Threat posed by ‘good’ US tourism to Cuba

The Star Early Edition - - WORLD -

HA­VANA: Cen­tral to US Pres­i­dent Don­ald Trump’s plans to peel back his pre­de­ces­sor’s de­tente with Cuba is the idea that there is “good” and “bad” US travel. The US, Trump be­lieves, can tightly reg­u­late Amer­i­can hol­i­days to de­prive the Cas­tro gov­ern­ment of dol­lars and re­di­rect the money to the is­land’s grow­ing class of en­trepreneurs.

But an­a­lysts say it will be dif­fi­cult to pick win­ners in Cuba’s state-con­trolled econ­omy, where gov­ern­ment busi­nesses and the pri­vate sec­tor are thor­oughly in­ter­twined. And even harder will be de­ter­min­ing what sort of travel con­sti­tutes the kind of “peo­ple-to-peo­ple” in­ter­ac­tions the Trump ad­min­is­tra­tion says it wants to pre­serve.

By re­in­stat­ing re­stric­tions on in­de­pen­dent trav­ellers, the Trump ad­min­is­tra­tion’s new pol­icy will hurt Cuba’s emerg­ing pri­vate sec­tor that caters to Amer­i­can vis­i­tors, crit­ics in­sist.

It will herd Amer­i­cans back to­ward the kind of prepack­aged, pre­dictable group tourism that the Cuban gov­ern­ment ac­tu­ally prefers – and earns more rev­enue from.

The Trump plan, an­nounced on Fri­day in Mi­ami’s Lit­tle Ha­vana neigh­bour­hood, as­serts that the Obama-era rules fa­cil­i­tated what the White House called “il­le­gal” tourism by al­low­ing US trav­ellers to rent rooms in Cuban homes through sites such as Airbnb.

Amer­i­cans will gen­er­ally still be al­lowed to visit Cuba if they come on cruise ships, or book with US-ap­proved tour agen­cies that en­sure travel itin­er­ar­ies do not in­clude too much un­struc­tured time.

The com­pli­ca­tion for Trump’s rules, how­ever, is large tour groups are too big for smaller B&Bs, and gov­ern­ment-ap­pointed guides tend to ply the well-trod­den routes that by­pass the new gal­leries, restau­rants and night spots opened by en­ter­pris­ing Cubans and oth­ers af­ter the open­ings spurred by Obama.

That, in turn, will cause a rip­ple effect. “If in­de­pen­dent Amer­i­can travel is cut off, you won’t only hurt the B&Bs. It’s also the con­struc­tion crews, the pri­vate tour guides, the taxi driv­ers, the restau­rants and the artists sell­ing hand­i­crafts,” said An­drea Gal­lina, an Ital­ian en­tre­pre­neur who last year opened a high­end bou­tique ho­tel, Paseo 206, with his Cuban spouse.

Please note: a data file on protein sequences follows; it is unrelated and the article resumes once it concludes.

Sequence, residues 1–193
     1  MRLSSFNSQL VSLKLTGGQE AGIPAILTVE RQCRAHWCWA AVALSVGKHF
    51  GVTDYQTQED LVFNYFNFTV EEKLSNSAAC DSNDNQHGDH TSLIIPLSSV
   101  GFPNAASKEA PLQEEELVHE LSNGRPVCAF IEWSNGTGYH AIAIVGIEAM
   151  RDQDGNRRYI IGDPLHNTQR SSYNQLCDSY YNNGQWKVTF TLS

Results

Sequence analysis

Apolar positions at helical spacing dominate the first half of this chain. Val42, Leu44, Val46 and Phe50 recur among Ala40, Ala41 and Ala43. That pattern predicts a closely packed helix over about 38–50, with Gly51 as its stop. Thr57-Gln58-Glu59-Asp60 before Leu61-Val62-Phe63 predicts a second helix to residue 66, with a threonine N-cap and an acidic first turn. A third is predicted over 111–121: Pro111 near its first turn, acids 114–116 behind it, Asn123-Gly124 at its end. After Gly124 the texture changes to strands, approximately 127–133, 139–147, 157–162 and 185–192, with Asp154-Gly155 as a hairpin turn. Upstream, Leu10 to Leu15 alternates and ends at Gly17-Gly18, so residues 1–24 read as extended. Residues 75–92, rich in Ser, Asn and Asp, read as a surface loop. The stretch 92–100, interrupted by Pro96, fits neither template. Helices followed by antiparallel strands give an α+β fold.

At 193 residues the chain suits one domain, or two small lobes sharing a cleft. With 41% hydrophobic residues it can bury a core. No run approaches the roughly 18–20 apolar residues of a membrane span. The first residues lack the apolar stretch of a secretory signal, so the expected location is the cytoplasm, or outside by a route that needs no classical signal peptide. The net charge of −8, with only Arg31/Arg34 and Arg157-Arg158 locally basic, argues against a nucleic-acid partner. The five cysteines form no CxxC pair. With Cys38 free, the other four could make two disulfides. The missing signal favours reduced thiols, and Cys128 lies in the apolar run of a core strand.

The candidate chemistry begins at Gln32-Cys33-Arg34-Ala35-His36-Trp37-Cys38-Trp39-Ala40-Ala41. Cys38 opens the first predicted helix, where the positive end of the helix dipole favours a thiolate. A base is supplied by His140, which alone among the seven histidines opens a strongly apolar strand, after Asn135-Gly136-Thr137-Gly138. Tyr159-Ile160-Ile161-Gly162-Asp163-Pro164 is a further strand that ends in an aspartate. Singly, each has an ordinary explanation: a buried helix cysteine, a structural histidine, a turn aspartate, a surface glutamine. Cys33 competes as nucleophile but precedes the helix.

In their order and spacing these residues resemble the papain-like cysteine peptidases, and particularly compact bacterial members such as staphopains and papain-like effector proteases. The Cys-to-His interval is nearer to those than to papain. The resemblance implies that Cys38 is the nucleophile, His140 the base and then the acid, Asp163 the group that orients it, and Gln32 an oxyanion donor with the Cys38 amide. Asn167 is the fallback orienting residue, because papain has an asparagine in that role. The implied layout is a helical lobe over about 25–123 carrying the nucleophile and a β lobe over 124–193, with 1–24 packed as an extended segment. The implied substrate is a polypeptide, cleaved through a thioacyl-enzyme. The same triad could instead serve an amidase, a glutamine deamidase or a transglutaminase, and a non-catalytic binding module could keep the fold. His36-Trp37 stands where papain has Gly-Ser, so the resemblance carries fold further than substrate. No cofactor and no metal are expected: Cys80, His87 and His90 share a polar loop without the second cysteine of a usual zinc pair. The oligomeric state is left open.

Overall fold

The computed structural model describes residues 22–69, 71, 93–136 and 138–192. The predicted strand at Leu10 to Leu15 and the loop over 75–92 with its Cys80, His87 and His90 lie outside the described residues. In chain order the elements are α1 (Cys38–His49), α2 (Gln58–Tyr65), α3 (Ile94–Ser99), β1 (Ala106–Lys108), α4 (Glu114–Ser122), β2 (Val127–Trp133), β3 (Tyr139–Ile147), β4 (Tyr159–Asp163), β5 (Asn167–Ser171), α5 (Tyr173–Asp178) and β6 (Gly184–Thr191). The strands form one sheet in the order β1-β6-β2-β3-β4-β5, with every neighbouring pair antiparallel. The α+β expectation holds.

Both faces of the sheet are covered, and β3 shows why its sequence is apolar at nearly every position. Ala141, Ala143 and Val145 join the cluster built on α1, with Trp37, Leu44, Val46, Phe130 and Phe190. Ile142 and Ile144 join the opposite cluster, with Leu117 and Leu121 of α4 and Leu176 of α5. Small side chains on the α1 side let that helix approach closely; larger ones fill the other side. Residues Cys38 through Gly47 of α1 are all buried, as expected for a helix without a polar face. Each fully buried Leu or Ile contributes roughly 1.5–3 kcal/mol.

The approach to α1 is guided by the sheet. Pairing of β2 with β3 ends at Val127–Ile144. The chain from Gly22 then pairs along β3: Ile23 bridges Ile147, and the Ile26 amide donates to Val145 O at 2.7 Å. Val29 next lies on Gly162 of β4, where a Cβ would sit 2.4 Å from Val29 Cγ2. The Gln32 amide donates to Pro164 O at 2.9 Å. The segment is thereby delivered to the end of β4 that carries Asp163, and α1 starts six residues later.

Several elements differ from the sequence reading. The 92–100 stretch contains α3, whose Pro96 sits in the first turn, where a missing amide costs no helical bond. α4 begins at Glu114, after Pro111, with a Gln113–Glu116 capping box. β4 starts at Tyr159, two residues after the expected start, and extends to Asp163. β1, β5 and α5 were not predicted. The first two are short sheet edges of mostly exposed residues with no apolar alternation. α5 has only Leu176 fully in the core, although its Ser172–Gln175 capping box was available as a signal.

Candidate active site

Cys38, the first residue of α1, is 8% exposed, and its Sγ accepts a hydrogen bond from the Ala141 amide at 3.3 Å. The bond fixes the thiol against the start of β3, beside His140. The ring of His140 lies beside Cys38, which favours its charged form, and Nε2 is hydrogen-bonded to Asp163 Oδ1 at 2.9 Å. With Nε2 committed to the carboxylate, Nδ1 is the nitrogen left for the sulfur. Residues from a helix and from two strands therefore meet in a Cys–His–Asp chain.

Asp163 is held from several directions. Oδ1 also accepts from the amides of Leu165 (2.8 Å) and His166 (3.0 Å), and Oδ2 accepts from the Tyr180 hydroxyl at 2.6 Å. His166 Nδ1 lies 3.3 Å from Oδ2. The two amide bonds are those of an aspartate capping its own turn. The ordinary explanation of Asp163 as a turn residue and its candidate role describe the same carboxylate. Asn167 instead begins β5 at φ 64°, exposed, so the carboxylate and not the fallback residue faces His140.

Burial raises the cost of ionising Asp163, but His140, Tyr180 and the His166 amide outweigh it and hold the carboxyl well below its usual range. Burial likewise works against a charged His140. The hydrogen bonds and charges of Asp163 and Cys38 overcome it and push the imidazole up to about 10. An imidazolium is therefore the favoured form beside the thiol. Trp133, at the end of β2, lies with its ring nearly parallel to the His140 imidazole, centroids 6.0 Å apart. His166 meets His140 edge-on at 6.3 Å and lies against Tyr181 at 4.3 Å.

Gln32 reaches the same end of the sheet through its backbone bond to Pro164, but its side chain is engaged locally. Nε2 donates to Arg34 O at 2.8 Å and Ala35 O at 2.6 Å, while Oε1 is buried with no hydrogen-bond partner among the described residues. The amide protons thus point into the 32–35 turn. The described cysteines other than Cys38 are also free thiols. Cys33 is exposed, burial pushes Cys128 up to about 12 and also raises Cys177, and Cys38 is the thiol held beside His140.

The 1934 man­sion has an Ital­ian restau­rant on the ground floor, and Gal­lina es­ti­mates two-thirds of his guests are Amer­i­can, book­ing rooms through Airbnb, Ex­pe­dia and other US sites.

“To be hon­est, Amer­i­cans don’t have time to go to the beach, be­cause they get ab­sorbed into the city,” he said. “In­de­pen­dent trav­ellers have more con­tact with real Cubans.”

Gal­lina em­ploys 22 Cuban work­ers. If his book­ings de­cline be­cause of a travel crack­down, he said, he will prob­a­bly turn to the Euro­pean mar­ket and “tighten our belts.”

Amer­i­can travel to Cuba has been a po­lit­i­cal bat­tle­ground since the early 1990s, when the col­lapse of the Soviet Union left the is­land’s com­mu­nist gov­ern­ment starved for hard cur­rency. As its re­sort in­dus­try grew and more vis­i­tors ar­rived, the Cas­tro gov­ern­ment’s en­e­mies in Mi­ami and in the halls of Congress fought to re­strict Amer­i­cans from go­ing know­ing their dol­lars could un­der­mine ef­forts to choke the Cuban econ­omy.

PIC­TURE: REUTERS

A group of Amer­i­can tourists take a guided bi­cy­cle tour in Ha­vana, Cuba, on Satur­day.

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